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Navigable Waters Protection Rule: A Clean Water Act Rollback

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Yesterday, President Trump announced the Navigable Waters Protection Rule. This action is the next step in this administration's goal to review and revise the definition of waters of the United States (WOTUS) under the Clean Water Act (CWA). The waters of the United States are water bodies, rivers, streams, and wetlands protected under Clean Water Act Section 404. Under Section 404, any impacts (placement or removal of fill) to WOTUS require a federal permit.

Jurisdictional Waters of the Navigable Waters Protection Rule

 

The final rule narrows the definition of WOTUS in comparison to currently accepted CWA and court interpretations. In the new rule, "waters of the United States" are limited to:

  • The territorial seas and traditional navigable waters;

  • Perennial and intermittent tributaries that contribute surface water flow to such waters;

  • Certain lakes, ponds, and impoundments of jurisdictional waters; and,

  • Wetlands adjacent to other jurisdictional waters.

Impacts on Ephemeral Streams

Notably, the rule explicitly excludes all ephemeral streams, which are streams that are dry most of the year and are typically only wet following rainfall.

This rule has significant implications for private and public development projects that plan to impact streams and wetlands. Ephemeral waters make up a considerable percentage of the waterbodies in the U.S., particularly in the Arid West. This water feature flows into downstream waters, carrying pollution in its flow and yielding the ability to produce great environmental harm when unregulated.

The 2015 rule gave these streams federal protection, deeming them crucial to overall water quality. If ephemeral waters are excluded by regulation from federal oversight, then the number of federal permits required by project development will decline considerably.

 

Impacts of the New Rule

At first glance, this appears to be a boon for development projects that often encounter the Clean Water Act, including oil and gas, renewable energy, commercial development, utilities, transportation, and many others. However, this rule will undoubtedly be subject to many federal lawsuits and court rulings, as we saw with the Obama-era 2015 Clean Water Rule (a.k.a. the WOTUS Rule), which tried to broaden the definition of WOTUS, and which many decried as government overreach. By narrowing protections to waters of the United States beyond the current interpretations, this rule swings in the opposite direction.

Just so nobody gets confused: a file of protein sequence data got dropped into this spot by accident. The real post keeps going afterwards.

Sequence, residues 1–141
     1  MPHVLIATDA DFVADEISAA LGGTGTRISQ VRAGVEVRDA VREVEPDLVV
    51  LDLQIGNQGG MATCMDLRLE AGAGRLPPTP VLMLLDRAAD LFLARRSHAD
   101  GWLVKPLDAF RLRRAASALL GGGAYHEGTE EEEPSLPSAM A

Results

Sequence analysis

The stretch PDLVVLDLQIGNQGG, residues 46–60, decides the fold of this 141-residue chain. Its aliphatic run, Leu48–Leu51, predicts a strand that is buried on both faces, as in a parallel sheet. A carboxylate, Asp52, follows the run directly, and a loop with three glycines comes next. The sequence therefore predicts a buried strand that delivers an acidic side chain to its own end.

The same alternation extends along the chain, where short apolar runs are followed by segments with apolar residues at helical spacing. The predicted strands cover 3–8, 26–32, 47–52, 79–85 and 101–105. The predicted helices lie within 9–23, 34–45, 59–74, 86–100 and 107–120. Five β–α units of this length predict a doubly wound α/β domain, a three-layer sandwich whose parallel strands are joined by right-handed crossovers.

This drastic shift in federal protection will likely confuse developers regarding defined, regulated water and lead to an environmental permitting disaster. We recommend developers begin to study up on required permits, call an environmental consultant, use a wetlands map, and practice early environmental due diligence. It’s about to get messy. The final rule's effective date has not been set, but we expect it to be sometime in mid-March 2020.

 

UPDATE: NWPR STATUS

Environmental groups met the NWPR with severe backlash. The ruling muddied the understanding of jurisdictional waters and was yet another feeble attempt to redefine WOTUS. Overall, this ruling left land developers confused, and waters unprotected. It was a weird time for all of us.

New Clean Water Act Protection to Come

The Biden administration enlisted the Environmental Protection Agency (EPA) and the United States Army Corps of Engineers (USACE) to redefine WOTUS. Jurisdictional determination of these waters began after President Biden signed Executive Order 13990 on January 21, 2021. Currently, the federal government defines WOTUS under a pre-2015 rule definition.

We are all anxiously awaiting this ruling and are preparing our popcorn for the aftermath. Hopefully, this new rule will end this game of regulatory ping pong and reach a concrete definition for WOTUS. As you can tell, we're dreamers. We will keep you up to date as a final rule is reached.

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